Trump continued calling the Russia story a hoax, asserting that the hacks might have been waged by China or others. And he still showed no signs of confronting Putin.
What could be better for Putin? The US government had called him out, yet the GOP presidential candidate was discrediting this conclusion. Trump made it tougher for Obama and the White House to denounce Putin publicly—to do so, they feared, would give Trump cause to argue they were trying to rig the election against him.
At the final debate, Clinton accurately summed up Trump’s position: “It’s pretty clear you won’t admit that the Russians have engaged in cyberattacks against the United States of America, that you encouraged espionage against our people.” Trump replied, “Our country has no idea” who pulled off the hacks.
After the election, he maintained this stance. “It’s time for the country to move on,” he said in December. Two weeks later, after the US intelligence establishment released a report concluding Putin had implemented this covert op to install Trump in the White House, the president-elect compared the intelligence community to Nazi Germany. Though he did at one point concede Russia was the culprit, Trump continued calling the Russia story a hoax whipped up by Democrats and eventually reverted to form, asserting that the hacks might have been waged by China or others. And he still showed no signs of confronting Putin. At the Russian leader’s request, he jovially hosted the Russian foreign minister and ambassador in the Oval Office—and then disclosed top-secret information to them. Moreover, he did this the day after brazenly ousting Comey, who was overseeing the bureau’s probe of Moscow’s meddling and links between Trump associates and Russia.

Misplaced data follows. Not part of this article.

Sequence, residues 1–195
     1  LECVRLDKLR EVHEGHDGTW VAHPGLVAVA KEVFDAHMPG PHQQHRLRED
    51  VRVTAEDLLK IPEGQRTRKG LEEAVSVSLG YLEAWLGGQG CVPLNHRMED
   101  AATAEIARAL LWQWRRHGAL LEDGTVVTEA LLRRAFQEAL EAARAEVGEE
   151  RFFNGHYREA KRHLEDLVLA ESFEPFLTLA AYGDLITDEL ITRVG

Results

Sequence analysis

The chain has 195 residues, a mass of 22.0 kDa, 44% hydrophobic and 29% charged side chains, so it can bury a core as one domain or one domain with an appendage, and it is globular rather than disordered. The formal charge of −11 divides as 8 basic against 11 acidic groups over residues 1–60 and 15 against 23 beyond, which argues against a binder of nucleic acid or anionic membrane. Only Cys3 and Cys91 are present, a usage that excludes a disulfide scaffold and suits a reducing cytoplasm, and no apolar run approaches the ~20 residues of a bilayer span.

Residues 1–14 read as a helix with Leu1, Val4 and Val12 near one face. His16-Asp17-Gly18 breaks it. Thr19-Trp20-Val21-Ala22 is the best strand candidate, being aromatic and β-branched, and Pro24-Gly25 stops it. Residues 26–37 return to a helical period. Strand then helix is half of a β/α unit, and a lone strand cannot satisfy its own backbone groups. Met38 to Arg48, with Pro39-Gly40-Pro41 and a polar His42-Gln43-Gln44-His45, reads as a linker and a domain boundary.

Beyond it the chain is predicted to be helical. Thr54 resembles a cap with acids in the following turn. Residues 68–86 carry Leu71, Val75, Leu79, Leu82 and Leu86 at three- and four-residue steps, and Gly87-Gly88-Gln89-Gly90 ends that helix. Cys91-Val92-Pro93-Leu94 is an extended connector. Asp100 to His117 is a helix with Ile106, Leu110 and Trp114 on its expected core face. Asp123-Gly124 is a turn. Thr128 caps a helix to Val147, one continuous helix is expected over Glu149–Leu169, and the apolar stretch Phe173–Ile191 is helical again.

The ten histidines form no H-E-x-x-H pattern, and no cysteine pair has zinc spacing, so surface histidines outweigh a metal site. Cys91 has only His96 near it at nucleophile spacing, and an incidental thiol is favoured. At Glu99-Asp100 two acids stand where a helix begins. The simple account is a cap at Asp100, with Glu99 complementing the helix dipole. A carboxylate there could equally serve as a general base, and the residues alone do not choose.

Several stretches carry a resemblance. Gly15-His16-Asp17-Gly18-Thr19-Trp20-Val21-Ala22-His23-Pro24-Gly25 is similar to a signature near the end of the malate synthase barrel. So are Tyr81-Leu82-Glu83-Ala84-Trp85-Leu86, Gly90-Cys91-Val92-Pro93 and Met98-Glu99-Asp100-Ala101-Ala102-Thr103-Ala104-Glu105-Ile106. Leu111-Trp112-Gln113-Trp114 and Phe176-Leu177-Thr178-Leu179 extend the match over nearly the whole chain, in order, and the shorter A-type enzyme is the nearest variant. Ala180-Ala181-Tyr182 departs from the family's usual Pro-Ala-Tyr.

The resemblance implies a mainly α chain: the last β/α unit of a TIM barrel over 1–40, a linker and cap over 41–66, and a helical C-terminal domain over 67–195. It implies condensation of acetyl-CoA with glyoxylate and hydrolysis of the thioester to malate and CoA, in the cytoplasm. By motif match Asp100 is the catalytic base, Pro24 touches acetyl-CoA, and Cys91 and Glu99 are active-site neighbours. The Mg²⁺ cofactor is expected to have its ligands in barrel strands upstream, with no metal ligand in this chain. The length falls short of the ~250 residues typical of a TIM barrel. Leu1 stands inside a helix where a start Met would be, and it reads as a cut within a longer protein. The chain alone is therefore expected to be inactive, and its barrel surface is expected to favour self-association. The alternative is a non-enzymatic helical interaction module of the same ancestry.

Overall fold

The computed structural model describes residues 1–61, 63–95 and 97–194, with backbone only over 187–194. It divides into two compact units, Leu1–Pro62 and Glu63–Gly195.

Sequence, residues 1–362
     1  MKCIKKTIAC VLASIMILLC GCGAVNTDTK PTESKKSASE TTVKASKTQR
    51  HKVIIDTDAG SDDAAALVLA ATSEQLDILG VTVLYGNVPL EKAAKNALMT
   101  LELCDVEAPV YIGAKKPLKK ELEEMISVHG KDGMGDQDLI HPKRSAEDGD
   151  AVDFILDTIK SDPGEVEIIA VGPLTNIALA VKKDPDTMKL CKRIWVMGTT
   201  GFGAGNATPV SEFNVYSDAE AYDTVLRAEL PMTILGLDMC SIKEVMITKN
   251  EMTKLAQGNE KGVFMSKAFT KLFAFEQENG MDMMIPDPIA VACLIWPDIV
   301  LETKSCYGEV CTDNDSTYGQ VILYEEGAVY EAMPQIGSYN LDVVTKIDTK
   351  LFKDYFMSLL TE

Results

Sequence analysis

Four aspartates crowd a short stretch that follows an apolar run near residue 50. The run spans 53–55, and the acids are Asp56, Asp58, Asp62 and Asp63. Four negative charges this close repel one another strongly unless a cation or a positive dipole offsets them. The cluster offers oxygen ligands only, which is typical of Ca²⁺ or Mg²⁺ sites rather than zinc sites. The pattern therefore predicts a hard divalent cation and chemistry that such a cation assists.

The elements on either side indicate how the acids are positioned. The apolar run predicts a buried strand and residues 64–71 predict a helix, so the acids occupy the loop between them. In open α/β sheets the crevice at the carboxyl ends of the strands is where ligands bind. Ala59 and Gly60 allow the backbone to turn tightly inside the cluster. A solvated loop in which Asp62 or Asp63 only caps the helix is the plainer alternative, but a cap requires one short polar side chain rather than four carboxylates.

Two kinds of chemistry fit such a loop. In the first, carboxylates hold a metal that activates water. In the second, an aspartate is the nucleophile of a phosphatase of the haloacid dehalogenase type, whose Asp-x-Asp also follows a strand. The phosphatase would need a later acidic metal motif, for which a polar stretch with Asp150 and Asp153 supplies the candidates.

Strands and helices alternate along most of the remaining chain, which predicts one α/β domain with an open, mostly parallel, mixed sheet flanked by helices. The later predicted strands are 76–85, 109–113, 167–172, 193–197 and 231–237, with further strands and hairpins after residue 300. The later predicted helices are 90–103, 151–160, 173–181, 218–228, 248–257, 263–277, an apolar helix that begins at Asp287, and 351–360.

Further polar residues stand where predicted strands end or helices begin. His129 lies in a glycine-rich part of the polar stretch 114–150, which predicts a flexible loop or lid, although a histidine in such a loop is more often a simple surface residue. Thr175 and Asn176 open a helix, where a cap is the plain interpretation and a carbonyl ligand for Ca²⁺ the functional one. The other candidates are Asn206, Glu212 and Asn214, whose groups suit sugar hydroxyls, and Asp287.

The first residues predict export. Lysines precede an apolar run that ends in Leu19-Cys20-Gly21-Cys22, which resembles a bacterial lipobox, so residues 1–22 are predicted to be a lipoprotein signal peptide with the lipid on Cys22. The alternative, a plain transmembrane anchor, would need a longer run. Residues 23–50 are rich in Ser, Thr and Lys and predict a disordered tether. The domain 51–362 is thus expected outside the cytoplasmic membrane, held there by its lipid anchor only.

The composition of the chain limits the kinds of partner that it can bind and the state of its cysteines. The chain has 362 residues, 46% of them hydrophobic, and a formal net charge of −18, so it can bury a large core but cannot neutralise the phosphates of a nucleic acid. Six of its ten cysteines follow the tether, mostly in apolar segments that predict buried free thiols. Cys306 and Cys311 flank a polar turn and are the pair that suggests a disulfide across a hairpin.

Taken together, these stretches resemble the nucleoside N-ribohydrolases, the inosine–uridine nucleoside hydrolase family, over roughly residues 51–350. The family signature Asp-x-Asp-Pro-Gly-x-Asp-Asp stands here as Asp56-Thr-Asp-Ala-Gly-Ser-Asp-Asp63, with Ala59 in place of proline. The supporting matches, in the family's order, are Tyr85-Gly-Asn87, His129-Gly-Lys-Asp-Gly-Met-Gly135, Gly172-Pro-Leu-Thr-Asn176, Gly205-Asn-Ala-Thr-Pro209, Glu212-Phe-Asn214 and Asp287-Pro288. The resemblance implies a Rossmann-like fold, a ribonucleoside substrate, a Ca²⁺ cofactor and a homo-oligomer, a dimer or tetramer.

It’s been common for political observers to say the Trump-Russia controversy has generated a great deal of smoke, but the amount of fire is yet to be determined. It’s true that the various links tying Trump and his associates to Russia have yet to be fully explained. Many questions remain: Was there any specific coordination? If not, did the Trump camp privately signal to Moscow that Russia would get a better deal if Trump were elected? That alone would have provided encouragement for Putin to attack.
This country needs a thorough and public investigation to sort out how the Russian operation worked, how US intelligence and the Obama administration responded, and how Trump and his associates interacted with Russia and WikiLeaks. But whatever happened out of public view, the existing record is already conclusively shameful. Trump and his crew were active enablers of Putin’s operation to subvert an American election. That is fire, not smoke. That is scandal enough.
See our entire updated Trump-Russia timeline dating back to the 1980s.